A Confession

Since my last post weeks ago, I’ve been hoping to write about essential communication skills for conflict resolution and peacebuilding. One of which is active listening. Lately though, I find myself wanting in this area that I couldn’t bring myself to seriously write about it…not yet.

Certain things are bothering me these days and these I suspect affected some of my interactions. My humour/coolness tank needs a bit of tending; I think I would need a ‘me’ time soon to refill it. Well there’s nothing major happening actually, just some recent everyday encounters that didn’t work out well. So there, I humbly acknowledge, I’m no saint or angel, just human, always a work in progress, always in need of divine providence.

Not wanting to brood much about my drama, I embarked on a garage sale/donate-your-pre-loved items project few days ago. I’m quite embarrassed to admit, I’ve too many stuffs accumulated through so many moving, from living and working away from home. It’s a daunting chore and at times frustrating as there are too many items to sort out. Where’s a Salvos Store when you need one? 🙂

Well, some good things came out of this decluttering task. For me, it’s coming across a potentially good book that I haven’t actually read; finding an item I thought I’ve lost; reading through my old journals that surprisingly hold relevant valuable insights for today; and of course, finding a lot of stuff to give away or sell or must go to the trash bin (promise, they’re going!).

Letting go of stuff and clearing space feel liberating. On hindsight, I realized too that to hone my listening skills, I would need to clear my mind of assumptions and preconceived notion about people and to also manage thoughts that only stress me out. It’s difficult to listen and connect with others when you’ve got these burdens in your head.  These are unnecessary distractions that hinder me from actively engaging the other person, from being fully present and generous of my time.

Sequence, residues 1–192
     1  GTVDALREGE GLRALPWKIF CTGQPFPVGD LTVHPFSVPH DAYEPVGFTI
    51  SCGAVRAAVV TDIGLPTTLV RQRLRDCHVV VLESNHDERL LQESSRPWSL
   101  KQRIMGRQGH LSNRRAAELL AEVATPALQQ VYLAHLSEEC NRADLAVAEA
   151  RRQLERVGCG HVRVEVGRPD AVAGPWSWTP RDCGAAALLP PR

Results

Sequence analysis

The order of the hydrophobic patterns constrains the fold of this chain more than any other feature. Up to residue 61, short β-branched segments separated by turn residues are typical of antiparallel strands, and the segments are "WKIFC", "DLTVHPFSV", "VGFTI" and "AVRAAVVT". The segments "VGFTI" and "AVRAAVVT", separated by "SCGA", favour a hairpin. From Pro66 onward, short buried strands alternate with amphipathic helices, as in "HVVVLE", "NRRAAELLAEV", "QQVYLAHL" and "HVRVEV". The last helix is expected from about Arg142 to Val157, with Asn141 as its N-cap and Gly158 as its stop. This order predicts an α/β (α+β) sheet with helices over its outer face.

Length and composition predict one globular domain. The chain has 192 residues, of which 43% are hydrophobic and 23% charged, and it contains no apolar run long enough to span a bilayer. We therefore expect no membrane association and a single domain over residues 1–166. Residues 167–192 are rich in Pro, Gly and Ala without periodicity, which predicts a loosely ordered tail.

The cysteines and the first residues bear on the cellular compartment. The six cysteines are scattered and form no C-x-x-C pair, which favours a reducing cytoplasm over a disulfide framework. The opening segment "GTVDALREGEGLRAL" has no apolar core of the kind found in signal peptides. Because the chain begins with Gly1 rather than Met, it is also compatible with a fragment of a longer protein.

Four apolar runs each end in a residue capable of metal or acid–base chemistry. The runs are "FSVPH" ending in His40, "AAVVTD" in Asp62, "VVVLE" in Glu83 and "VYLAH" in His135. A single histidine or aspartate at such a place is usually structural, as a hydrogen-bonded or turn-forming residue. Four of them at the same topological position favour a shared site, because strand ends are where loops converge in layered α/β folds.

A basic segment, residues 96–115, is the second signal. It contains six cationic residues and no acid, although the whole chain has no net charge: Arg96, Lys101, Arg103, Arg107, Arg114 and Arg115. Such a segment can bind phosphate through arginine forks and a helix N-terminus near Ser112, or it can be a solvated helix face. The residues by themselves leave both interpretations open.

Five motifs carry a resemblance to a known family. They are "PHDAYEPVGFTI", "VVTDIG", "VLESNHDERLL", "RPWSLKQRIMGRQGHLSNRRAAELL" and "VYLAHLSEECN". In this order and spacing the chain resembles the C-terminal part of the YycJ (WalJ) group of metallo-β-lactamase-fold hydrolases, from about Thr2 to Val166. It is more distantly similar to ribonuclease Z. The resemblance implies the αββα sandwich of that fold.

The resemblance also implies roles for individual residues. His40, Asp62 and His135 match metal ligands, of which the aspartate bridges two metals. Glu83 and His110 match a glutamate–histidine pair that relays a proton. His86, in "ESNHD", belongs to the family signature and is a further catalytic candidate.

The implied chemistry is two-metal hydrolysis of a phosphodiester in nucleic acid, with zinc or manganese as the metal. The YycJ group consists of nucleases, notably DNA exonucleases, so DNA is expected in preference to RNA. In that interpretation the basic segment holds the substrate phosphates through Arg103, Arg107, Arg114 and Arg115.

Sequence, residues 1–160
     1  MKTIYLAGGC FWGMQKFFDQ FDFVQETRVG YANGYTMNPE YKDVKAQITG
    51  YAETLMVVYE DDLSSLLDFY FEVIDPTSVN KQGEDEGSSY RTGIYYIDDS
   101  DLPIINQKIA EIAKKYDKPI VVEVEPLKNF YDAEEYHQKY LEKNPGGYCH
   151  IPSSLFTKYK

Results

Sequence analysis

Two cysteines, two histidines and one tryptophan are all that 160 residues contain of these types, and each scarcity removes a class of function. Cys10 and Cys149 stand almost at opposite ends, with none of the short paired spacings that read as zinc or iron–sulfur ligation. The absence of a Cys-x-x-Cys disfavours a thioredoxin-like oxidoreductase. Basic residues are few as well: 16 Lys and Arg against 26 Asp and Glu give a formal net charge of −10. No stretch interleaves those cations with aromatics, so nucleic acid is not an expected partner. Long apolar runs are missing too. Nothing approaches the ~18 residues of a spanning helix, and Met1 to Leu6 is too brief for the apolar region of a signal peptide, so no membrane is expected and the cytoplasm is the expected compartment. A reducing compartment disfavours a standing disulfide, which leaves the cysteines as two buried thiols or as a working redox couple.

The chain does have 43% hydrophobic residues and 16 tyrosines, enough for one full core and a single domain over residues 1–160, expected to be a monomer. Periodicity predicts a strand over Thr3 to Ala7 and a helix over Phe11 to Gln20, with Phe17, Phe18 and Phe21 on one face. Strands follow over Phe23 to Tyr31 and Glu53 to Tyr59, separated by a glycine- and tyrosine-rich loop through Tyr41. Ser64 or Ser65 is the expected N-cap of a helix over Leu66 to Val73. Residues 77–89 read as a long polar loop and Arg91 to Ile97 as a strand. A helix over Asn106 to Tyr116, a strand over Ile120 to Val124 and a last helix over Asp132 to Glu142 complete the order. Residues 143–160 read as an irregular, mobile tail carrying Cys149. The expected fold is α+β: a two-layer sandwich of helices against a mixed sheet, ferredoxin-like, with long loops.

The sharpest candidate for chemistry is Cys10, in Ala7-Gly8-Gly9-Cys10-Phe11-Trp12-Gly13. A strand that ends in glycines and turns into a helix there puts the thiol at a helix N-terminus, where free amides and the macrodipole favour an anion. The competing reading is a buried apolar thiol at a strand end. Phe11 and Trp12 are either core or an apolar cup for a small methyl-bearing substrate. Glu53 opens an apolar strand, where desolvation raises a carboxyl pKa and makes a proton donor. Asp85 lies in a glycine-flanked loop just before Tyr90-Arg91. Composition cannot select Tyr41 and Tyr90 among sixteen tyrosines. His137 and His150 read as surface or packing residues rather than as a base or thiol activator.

Decluttering  our mind is also a daunting task. We would need vigilance in making sure that no trash or unnecessary thoughts go back. We need persistence in purifying our thoughts and seeking the best in people. While I’m generally quite successful with this, I also lose my cool and give in.

It’s humbling to think of these things and then to publicly admit it. Although I spare you all with other  details, this is more than what I would usually be comfortable to share in social media. I had to remind myself that an advocacy is something personal too. We cannot distance ourselves from the message, we must be the message. We must strive to become what we hope to teach about. I also believe, every moment is an opportunity to learn– whether struggling or winning, everything counts as part of the journey.

As parents, teachers, adults, we sometimes struggle in becoming a role model to the young ones, in ‘walking the talk.’ But let’s cut ourselves some slack and acknowledge that we are merely human, needing nourishment, time-out. Somebody told me before that to be an effective peace advocate, I must take care of my own needs too, and schedule regular ‘care for the self’ or ‘me time’ sessions to recharge. ‘Care for the self’ personal checklist could include anything that will bring you inner peace or refill your humour/coolness tank and make you the ever gracious better version of yourself.

Happy feet at Puka Beach, Boracay, Philippines. April 2014.
Happy feet at Puka Beach, Boracay, Philippines. April 2014.

It’s a good massage, communing with nature, and walking for me. Of course, prayer and reflection are essentials too. What’s your top three in your ‘care for the self’ list?

-ems, #iamforpeace